Hi all,
Curse of the Skinwalkers, a modular 5e adventure that takes the players to the Forest of Thorns and pits them up against a ravenous pack of lycanthropes, forcing them to take shelter in a local inn and defend it against the terrors outside.
Last Stand at the Black Oak
Shortly into writing Curse of the Skinwalkers, it became clear to us that it wouldn’t be a typical 5e adventure. The action that drives the story is localized almost entirely to one place – an inn called the Black Oak. Rather than Conan the Barbarian or The Lord of the Rings, it takes more of its DNA from stories like John Carpenter’s The Thing or Assault on Precinct 13 (…that’d also be John Carpenter, by the way). The feeling the adventure has in store for your players is one of claustrophobia, dread, and paranoia. Putting the adventure all in one place, however, presented some interesting challenges.
The People Make the Place
The first one was making sure that the Black Oak was an interesting place to hunker down in. No matter how cool the battle map is, an abandoned tavern has only three or four Investigation checks’ worth of interest in it, so the NPCs that populated it had to be fully fleshed out. We worked on making sure that each NPC had extremely solid backstories, motivations, and well-explained mannerisms that would make them easy to “sell” to the players as fully realized people – as well as reasons for the PCs to be suspicious of them. This fed into one of the main goals of the adventure: getting the players to really have to think hard about who they trust, and how to interact with the NPCs.
Counting the Hours
Curse of the Skinwalkers takes place entirely over the course of one night, and surviving until dawn is the primary goal of the adventure. It turned out that dividing each stage of the night into a set of specific hourly events helped to keep players far more aware of the time they’re using, and far more focused. The reactions of NPCs will always be fluid, but having a table of hours and what is expected to happen keeps the GM on track, and gives the players a sense that they understand the mechanical aspect of what they’re doing – which helps them feel a lot less lost in what is a pretty atypical adventure.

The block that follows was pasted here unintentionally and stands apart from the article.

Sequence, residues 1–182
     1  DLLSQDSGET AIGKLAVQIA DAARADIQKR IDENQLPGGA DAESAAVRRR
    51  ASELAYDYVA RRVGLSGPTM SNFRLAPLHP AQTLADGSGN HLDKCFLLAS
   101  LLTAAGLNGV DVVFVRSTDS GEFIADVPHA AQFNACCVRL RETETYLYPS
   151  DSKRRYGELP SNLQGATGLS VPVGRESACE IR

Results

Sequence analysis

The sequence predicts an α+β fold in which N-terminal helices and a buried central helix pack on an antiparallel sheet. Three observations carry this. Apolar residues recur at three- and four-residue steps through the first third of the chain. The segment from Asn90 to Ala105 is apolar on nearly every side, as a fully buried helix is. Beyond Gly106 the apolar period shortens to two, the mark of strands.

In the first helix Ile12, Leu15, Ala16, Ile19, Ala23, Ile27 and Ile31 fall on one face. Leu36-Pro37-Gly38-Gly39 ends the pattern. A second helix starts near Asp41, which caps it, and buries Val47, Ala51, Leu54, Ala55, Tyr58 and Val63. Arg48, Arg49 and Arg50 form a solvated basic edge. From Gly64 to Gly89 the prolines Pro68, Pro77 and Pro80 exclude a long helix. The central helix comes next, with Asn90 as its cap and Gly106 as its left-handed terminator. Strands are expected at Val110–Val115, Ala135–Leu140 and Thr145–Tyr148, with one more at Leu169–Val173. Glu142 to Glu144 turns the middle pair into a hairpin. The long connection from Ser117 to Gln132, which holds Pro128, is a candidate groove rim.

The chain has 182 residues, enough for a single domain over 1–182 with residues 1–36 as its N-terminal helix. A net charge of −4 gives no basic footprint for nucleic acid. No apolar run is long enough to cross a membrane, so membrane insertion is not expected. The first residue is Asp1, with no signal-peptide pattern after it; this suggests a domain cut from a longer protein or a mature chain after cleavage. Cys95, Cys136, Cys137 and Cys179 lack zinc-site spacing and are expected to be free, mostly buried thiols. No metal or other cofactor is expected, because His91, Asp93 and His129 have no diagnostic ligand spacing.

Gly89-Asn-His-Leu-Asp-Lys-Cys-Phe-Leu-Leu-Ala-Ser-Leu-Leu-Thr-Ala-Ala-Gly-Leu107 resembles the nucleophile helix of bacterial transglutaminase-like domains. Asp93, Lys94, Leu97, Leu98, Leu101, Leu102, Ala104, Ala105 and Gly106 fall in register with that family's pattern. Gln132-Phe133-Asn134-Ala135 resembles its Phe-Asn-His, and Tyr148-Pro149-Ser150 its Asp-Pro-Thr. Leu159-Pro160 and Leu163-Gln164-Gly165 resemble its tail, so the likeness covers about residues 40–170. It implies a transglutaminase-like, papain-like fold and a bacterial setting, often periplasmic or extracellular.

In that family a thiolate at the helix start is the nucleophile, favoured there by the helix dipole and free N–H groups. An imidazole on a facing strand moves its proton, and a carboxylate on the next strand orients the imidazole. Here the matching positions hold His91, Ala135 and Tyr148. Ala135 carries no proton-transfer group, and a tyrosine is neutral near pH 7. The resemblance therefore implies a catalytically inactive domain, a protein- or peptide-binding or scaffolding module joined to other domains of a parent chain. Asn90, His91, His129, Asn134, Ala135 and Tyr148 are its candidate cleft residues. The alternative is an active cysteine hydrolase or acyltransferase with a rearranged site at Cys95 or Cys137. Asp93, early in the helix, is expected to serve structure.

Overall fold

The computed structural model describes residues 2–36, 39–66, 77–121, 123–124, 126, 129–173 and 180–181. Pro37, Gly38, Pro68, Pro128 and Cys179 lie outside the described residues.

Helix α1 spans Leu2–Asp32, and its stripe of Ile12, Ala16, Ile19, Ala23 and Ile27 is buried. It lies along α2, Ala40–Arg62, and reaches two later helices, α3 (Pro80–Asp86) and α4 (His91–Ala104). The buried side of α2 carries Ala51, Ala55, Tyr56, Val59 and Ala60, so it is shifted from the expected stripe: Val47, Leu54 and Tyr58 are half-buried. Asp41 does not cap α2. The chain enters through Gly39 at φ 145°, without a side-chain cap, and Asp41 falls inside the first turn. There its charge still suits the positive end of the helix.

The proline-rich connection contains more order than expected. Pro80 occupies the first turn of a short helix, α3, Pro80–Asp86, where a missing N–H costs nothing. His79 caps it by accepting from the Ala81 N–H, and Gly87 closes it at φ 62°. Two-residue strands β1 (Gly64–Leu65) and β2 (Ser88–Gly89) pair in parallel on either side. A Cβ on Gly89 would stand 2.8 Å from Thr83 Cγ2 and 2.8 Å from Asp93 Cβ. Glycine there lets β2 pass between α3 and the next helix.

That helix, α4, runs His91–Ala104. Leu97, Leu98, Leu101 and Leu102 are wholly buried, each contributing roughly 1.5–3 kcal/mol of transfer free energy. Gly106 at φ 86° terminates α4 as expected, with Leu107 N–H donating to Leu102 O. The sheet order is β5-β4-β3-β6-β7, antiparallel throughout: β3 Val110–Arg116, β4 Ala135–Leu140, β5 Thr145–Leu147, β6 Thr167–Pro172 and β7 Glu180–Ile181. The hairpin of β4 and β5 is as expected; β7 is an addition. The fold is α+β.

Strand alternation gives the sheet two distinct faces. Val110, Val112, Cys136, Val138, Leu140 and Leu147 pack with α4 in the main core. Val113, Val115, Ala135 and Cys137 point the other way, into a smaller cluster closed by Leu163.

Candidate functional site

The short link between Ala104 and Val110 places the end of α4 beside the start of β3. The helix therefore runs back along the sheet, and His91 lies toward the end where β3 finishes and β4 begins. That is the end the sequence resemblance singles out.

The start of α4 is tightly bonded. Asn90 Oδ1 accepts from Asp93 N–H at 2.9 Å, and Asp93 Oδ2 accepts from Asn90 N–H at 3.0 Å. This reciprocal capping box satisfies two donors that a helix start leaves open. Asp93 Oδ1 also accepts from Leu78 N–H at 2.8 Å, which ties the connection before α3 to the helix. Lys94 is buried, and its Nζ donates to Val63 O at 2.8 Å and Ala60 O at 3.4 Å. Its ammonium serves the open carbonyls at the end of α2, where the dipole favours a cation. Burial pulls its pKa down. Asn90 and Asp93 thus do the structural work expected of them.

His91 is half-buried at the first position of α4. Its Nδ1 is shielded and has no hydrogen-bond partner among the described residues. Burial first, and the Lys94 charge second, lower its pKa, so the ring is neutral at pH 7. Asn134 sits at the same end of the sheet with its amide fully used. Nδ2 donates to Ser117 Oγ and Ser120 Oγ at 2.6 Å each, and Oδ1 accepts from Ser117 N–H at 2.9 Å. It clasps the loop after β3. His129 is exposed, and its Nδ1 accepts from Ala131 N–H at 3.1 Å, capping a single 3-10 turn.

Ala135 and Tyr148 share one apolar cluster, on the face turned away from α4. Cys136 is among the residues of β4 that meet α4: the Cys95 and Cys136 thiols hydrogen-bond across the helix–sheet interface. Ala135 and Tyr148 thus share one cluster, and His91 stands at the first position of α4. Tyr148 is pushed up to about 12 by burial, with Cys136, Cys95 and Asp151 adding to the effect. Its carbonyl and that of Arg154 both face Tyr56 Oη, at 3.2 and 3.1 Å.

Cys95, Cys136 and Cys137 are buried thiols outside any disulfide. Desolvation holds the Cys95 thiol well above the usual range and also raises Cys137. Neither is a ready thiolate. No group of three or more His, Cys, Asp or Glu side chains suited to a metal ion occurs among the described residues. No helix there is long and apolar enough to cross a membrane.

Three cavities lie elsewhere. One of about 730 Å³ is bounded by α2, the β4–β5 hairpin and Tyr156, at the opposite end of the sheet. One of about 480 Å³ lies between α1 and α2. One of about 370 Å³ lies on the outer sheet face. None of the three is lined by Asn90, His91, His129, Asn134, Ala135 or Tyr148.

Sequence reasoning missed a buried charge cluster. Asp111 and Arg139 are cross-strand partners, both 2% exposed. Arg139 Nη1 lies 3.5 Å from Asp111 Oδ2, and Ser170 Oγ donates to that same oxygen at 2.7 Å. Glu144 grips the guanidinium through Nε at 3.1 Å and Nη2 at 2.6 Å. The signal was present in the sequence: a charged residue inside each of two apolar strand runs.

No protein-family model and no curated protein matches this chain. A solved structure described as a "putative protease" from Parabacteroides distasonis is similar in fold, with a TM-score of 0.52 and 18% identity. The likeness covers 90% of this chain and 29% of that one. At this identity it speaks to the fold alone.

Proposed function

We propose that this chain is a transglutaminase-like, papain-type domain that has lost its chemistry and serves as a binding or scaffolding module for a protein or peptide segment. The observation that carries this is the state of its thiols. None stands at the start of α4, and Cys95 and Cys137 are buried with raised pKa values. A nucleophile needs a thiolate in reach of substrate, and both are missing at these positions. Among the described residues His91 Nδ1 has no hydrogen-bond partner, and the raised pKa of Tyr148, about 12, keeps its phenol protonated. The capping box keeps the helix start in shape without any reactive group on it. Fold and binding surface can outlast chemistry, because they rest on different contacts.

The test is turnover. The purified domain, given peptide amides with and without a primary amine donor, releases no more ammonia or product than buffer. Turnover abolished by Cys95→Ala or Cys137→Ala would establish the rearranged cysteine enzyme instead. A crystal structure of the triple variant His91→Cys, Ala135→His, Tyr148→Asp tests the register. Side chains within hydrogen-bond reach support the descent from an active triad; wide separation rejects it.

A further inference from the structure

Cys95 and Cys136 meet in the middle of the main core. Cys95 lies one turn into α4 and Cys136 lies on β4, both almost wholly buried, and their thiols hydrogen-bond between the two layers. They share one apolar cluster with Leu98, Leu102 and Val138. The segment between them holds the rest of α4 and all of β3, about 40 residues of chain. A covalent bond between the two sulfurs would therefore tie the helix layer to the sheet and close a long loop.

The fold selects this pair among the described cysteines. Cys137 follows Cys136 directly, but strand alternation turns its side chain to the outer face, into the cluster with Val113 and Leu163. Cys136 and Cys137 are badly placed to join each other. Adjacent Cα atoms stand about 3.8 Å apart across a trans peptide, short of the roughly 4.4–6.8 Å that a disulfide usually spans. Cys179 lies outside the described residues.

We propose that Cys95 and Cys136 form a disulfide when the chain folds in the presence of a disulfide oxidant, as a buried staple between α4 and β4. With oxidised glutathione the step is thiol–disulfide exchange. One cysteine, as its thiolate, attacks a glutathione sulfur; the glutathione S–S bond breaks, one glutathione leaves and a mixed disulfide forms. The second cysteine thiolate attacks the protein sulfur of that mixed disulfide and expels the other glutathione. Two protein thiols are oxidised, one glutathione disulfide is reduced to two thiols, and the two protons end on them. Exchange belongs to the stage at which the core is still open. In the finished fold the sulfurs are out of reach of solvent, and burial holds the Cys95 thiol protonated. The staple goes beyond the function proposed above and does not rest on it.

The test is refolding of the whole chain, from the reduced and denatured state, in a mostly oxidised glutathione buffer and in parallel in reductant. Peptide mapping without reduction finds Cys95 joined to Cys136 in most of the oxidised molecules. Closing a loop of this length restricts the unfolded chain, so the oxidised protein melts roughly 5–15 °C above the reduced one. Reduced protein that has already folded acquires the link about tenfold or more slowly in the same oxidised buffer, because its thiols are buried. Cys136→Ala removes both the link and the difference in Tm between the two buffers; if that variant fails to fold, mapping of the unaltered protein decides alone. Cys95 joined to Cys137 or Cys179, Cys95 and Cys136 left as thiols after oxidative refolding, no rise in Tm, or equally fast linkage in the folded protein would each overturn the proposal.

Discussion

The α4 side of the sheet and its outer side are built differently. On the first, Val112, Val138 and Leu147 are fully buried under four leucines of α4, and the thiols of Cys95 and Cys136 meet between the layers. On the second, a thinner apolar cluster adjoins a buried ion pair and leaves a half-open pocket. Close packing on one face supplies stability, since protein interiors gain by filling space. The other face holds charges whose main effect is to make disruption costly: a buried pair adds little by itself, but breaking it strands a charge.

Horror Monsters
So, it turns out that getting players actually afraid of your monsters is pretty difficult when they’re playing a bunch of seasoned murderhobos. Five lvl 5 PCs can do a lot of damage, as you may know – so to give our skinwalkers the mechanical edge they needed, we turned to classic horror tropes. Regeneration combined with intelligent predators makes for enemies that can weather incoming damage and retreat back to simply outlast the players. Conditions – like a werewolf’s curse – can make your players feel less sure of their characters’ abilities, especially if they don’t fully understand the condition. Monsters get a whole lot scarier when there’s no time for a long rest, you’re burning spells, and your enemies can be back at full fighting form within a few rounds.
It Just Won’t Die!
Most importantly, we decided to integrate one crucial element of horror storytelling into our monster design that made a huge difference: the monster always comes back. Jason Voorhees (from Friday the 13th) wouldn’t be scary if you could trust him to stay dead, and we wanted our monsters to have that same kind of presence. As per standard 5e rules, werewolves can be killed by pretty much anything, silver only making it easier, but we decided to be as strict as can be with our lycanthrope rules: no silver, no kill. A skinwalker reduced to 0 hit points simply rises from the dead an hour later, ready to gnaw on your unsuspecting players.
So, if you’re looking to terrify your players and push their characters to the limit, you can pick up Curse of the Skinwalkers – alongside it’s full miniature set – by joining the Mammoth Tribe!
 
Happy Rampaging,
 
–The Mammoth